Workplace friendships play a big part in your job satisfaction. You’re bound to feel a little blue when you learn that a favorite co-worker has decided that it’s time to move on. You may also be concerned about how their departure will affect your workload.
At the same time, this could be an opportunity to restructure your relationship and your career. Take a look at how you can benefit from the transition.
Steps to Take for Your Relationship
1. Acknowledge your feelings. You may have conflicting emotions. You want to be happy for your friend, but you’re also struggling with jealousy or anxiety. Be honest with yourself so you can make rational decisions. Focus on your own path instead of making comparisons.
2. Expect change. Your personal relationship will be different when you stop working side by side. You may drift apart or you may discover other mutual interests.
3. Offer support. Your friend is dealing with a major event, whether she’s been fired or landed her dream job. Show you care by helping her to pack up her office or giving her a LinkedIn recommendation.
4. Honor your friend’s contribution. Let your friend know that he will be missed. Throw a surprise party with the whole department or schedule a lunch for just the two of you. Prepare a few remarks that highlight his accomplishments.
5. Stay in touch. If you want your connection to thrive now that you no longer share the same employer, you’ll need to schedule time together. Set up a regular breakfast date or weekend tennis game.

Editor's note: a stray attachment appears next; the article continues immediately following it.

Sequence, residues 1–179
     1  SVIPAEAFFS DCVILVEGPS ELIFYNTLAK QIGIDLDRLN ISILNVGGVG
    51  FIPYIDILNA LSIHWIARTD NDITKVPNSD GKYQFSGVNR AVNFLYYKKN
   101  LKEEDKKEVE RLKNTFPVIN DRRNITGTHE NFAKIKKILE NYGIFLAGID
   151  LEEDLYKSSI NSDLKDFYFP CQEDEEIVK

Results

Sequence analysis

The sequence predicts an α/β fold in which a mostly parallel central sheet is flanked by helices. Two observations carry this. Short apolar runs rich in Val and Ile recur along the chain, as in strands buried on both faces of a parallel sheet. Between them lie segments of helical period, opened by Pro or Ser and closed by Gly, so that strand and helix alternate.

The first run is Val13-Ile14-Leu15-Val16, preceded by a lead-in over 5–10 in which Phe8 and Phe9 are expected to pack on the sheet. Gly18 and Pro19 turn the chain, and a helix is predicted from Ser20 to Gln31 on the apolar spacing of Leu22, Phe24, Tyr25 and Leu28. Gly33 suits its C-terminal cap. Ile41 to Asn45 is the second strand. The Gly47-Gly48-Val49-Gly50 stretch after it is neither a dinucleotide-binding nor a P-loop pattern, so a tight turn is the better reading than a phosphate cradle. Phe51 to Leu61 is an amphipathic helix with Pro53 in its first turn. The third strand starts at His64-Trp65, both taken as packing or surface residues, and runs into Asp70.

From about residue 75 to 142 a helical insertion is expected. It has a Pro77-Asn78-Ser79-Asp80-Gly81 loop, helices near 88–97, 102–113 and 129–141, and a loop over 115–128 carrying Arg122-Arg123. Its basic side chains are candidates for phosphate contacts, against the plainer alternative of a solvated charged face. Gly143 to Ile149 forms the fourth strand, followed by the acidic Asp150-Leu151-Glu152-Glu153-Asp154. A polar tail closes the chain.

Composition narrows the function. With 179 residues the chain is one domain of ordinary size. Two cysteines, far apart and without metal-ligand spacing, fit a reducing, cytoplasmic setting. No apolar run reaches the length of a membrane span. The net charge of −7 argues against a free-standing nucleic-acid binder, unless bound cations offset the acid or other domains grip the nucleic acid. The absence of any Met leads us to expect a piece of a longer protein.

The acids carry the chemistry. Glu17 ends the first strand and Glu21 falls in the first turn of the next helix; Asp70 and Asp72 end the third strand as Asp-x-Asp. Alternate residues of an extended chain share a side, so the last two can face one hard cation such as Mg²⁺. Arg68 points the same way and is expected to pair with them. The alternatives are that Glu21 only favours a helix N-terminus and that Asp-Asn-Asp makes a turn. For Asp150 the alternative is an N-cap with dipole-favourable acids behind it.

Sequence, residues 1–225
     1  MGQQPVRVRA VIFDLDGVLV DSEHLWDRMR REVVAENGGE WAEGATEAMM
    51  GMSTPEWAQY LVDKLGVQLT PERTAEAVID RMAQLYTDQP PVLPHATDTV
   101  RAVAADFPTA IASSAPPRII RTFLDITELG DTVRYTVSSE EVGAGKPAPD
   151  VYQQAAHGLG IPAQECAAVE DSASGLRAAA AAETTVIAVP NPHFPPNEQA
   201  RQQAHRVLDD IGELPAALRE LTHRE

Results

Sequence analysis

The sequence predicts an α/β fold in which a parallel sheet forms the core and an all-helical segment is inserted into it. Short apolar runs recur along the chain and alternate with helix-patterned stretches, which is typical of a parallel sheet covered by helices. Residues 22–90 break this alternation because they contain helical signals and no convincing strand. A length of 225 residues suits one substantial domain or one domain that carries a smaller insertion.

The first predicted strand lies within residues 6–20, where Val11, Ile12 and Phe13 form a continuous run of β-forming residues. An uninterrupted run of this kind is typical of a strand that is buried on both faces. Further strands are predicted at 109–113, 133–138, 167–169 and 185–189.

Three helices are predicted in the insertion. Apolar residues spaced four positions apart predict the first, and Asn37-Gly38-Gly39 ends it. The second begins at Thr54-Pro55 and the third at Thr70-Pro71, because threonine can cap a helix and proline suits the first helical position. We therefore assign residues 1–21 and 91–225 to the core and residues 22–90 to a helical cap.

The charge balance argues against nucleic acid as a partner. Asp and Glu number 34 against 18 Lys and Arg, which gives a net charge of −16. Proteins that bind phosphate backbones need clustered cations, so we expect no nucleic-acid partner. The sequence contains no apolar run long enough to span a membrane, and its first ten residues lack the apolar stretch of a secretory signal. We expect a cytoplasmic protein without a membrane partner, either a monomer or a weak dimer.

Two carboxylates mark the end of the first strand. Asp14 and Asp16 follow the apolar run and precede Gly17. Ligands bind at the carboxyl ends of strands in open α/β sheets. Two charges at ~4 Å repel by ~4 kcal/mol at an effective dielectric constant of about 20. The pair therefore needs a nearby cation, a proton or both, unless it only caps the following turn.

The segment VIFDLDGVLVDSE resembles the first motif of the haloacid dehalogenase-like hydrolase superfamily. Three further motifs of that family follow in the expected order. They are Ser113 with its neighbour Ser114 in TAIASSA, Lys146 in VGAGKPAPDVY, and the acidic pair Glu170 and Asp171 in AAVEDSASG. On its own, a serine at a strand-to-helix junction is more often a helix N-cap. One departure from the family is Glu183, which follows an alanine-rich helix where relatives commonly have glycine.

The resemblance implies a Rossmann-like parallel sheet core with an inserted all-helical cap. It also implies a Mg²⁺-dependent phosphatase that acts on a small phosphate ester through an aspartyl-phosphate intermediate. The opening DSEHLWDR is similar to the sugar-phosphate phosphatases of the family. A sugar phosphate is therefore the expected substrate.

6. Reach out to other coworkers. This is an ideal moment to become better acquainted with the rest of the team. Invite a new hire out for drinks. Volunteer for a group project.
7. Expand your network. Do you socialize mostly with coworkers? Branch out by joining a club related to your hobby or welcoming a new neighbor. Meanwhile, maybe your friend can introduce you to her new colleagues.
Steps to Take for Your Career
1. Manage stress. If you relied on your old friend for blowing off steam, find alternative approaches. Take a walk or sip a cup of tea when you feel pressured.
2. Transfer knowledge. Was your office buddy the only one who knew what certain clients really wanted or how to set up a conference call? Ask for information you’ll need to keep the office running.
3. Take on new responsibilities. Maybe you want to take on a single project your friend was spearheading, or maybe the whole department will be revising their job descriptions. Consider what you want to do and what you’re good at. Ask for training if you’re taking on fresh challenges.
4. Cope with the increased workload. Be proactive if you find yourself taking on your colleague’s tasks as well as your own. Present your boss with a proposal for how to meet the increased demands without burning out.
5. Join the search committee. On the other hand, maybe your company will be looking to fill the vacant position. Offering your input can help you find a candidate who you’ll enjoy working with in the future.
6. Evaluate your career. Saying goodbye to a colleague can motivate you to take a closer look at your own status. Are you content with your current position or longing to move into a new field? Create some new goals along with a concrete action plan for attaining them.
Staff turnover is inevitable, but there may be a silver lining even when it’s your closest friend heading out the door. Plan ahead so you can stay on track in your personal and professional lives.